For motor yachts, there are numerous methods of propulsion which all have their place, depending on the requirements for a given project. Whether its conventional shafts and propellers for a reliable and cost-effective installation, pod drives for larger yachts offering increased manoeuvrability, or waterjets and surface piercers for speed, the choice for owners is considerable. For sailing yachts, though, the choice is rather more limited and it is usually confined to conventional shafts or to saildrive legs, powered by conventional diesels through Z- or L-drive gearboxes.
Moreover, for performance yachts, there is an added complication the need to keep the underwater area as clear as possible from appendages which might induce hydrodynamic drag and knock vital tenths off potential sailing speeds.
Nearly all modern yachts rely on additional units
Alongside main propulsion, nearly all modern yachts rely on additional units to provide manoeuvrability in the form of bow and stern thrusters. Yachts fitted with powerful sternthrusters often cite those units as emergency propulsion options, claiming that get home speeds of 4-5 knots can be maintained if the main propulsion system fails.
For one cutting edge project, though, thrusters provided more than a means to manoeuvre. Enter Hetairos, the striking 66.7m, 2011-launched carbon ketch designed by Dykstra Naval Architects and built at Baltic Yachts.
With maximum speed under sail being one of the key design parameters, underwater appendages that might induce unwanted drag became a focus of attention. After several options were looked at, it was decided to opt for a retractable drive system, which would enable the yacht to retain a clean, flush underwater shape when the drives were not being used.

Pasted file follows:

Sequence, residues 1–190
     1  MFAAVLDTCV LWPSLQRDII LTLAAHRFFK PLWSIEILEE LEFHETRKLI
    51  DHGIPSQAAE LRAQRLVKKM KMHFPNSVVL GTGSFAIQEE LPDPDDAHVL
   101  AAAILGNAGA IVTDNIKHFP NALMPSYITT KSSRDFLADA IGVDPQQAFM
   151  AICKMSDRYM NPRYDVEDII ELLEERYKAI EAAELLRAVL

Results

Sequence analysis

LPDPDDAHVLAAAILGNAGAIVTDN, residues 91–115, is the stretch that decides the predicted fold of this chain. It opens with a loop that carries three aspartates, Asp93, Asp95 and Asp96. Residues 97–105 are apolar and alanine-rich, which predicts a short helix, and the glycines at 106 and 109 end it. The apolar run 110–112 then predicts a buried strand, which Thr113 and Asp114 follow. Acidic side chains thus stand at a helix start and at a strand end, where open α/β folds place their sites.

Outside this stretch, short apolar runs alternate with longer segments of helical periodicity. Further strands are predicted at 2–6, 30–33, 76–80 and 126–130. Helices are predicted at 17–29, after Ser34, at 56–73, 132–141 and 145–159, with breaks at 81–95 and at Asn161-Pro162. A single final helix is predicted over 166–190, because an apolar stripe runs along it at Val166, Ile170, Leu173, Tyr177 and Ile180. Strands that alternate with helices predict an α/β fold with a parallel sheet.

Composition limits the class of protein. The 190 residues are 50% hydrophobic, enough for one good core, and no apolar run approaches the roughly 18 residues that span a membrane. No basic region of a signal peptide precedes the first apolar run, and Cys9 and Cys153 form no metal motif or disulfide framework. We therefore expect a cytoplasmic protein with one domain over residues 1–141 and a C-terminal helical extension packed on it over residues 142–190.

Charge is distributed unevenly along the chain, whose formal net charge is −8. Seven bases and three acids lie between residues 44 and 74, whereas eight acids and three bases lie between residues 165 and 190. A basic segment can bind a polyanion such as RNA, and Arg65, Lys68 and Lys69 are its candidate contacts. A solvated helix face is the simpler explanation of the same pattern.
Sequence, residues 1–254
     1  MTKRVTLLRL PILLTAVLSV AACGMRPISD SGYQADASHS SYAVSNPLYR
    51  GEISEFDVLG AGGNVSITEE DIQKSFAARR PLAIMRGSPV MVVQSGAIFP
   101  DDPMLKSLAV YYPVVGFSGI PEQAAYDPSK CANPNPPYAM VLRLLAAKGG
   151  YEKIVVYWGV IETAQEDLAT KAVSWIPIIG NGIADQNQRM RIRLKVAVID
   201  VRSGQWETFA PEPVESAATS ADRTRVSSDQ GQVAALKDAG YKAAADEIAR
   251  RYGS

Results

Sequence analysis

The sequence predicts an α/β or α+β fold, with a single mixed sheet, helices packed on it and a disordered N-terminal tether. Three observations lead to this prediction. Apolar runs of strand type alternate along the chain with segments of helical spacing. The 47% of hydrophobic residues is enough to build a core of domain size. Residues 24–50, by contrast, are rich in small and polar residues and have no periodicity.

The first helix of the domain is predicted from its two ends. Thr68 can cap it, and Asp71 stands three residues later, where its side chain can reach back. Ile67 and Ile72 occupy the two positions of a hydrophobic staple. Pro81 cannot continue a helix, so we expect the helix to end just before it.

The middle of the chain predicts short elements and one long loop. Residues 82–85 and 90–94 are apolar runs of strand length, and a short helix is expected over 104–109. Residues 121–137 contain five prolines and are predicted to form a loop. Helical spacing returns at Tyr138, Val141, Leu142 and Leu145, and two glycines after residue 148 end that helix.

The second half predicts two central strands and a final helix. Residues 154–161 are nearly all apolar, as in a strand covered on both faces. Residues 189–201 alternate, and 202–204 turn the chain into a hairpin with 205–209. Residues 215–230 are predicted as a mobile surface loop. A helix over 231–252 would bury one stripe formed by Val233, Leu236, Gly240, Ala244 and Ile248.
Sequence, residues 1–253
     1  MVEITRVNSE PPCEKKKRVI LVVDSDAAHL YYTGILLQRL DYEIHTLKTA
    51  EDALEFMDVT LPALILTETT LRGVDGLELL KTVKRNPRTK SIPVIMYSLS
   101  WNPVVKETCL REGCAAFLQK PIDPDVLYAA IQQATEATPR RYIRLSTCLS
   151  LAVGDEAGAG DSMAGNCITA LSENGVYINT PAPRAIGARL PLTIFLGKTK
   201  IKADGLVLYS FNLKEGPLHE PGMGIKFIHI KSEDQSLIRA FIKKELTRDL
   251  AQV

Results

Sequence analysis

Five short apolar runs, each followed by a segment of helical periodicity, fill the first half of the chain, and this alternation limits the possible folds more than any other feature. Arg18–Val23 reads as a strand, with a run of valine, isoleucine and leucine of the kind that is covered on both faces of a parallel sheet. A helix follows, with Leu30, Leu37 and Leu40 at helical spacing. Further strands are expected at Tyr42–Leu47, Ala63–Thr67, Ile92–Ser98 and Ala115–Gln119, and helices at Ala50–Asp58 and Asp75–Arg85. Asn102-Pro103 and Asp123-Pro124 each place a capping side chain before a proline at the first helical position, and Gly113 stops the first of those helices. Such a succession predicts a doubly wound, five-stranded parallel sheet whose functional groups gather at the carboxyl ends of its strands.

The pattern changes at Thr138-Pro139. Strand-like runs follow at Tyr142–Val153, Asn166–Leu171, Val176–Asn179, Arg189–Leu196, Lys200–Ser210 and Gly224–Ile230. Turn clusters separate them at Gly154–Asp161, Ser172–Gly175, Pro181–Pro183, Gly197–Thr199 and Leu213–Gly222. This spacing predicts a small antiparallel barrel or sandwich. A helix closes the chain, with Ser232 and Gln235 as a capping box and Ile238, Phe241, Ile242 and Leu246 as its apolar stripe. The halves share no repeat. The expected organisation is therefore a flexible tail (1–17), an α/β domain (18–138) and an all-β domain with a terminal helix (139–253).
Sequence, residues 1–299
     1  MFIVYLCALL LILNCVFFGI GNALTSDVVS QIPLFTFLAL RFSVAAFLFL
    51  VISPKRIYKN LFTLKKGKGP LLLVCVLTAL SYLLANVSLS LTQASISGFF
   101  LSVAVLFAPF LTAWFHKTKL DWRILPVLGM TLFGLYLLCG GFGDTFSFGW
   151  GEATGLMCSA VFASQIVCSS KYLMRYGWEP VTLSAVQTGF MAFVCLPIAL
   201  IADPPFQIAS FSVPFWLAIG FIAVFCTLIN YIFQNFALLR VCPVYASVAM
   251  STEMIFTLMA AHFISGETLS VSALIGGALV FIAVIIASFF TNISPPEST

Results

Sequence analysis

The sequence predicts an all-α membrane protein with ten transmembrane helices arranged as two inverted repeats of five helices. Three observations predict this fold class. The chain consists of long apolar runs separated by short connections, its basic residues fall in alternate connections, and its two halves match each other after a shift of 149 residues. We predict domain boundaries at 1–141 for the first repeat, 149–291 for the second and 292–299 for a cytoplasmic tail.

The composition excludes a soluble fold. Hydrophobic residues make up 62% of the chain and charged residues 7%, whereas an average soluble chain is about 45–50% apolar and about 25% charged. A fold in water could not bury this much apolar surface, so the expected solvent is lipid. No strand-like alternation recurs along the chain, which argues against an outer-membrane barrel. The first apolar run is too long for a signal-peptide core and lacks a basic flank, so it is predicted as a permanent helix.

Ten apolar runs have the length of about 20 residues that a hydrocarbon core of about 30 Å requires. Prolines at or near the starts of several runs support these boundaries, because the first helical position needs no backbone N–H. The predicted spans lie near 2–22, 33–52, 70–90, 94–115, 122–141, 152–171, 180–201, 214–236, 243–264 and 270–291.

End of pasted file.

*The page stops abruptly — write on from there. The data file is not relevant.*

Power for the yacht, including the hydraulic thruster system, comes from four VW Marine diesels, and by the time thruster specialist Ocean Yacht Systems was brought in to the project, in January 2009, the dimensions for the thruster mechanisms had already been set.
The biggest challenges, says Ian Crowden, director of OYS Thrusters, were getting a fully operational, high-quality machine in a predefined area, and meeting the target weight set out in the project. We came up with a mechanical hydraulic drive to do the job, then we looked at changing out some of the primary components to titanium, including the main drive legs.
Such a mechanism had not been designed before, and involved around 18 months of research and development. Some of the major rotational parts are cast billet titanium, with the drive legs centrifugally cast. The main rotation bearings are composite.
We worked with the Marin Institute, which tank-tested a model of the drive legs to get performance data, and from there we fine-tuned the design. They were designed to be able to be deployed and retracted while the yacht was travelling at 15 knots, and a key requirement was a high bollard pull of 10 tonnes, which we exceeded. The four-blade props are 934mm in diameter, and are housed in carbon nozzles to maximise thrust.
The result is a highly custom drive system that enables the yacht to reach high speeds under power, while minimising drag under sail. It is unlikely that such thruster-based drive systems will ever become mainstream, and for the majority of projects out there more conventional means of propulsion will meet all the requirements of a given design. But for those few extreme sailing yacht projects, where the striving for ultimate performance means finding the ultimate custom solutions, Hetairos has shown that using retractable thrusters linked to a diesel-electric installation is now a viable alternative.
Originally published: Superyacht Owners Guide to Propulsion 2012.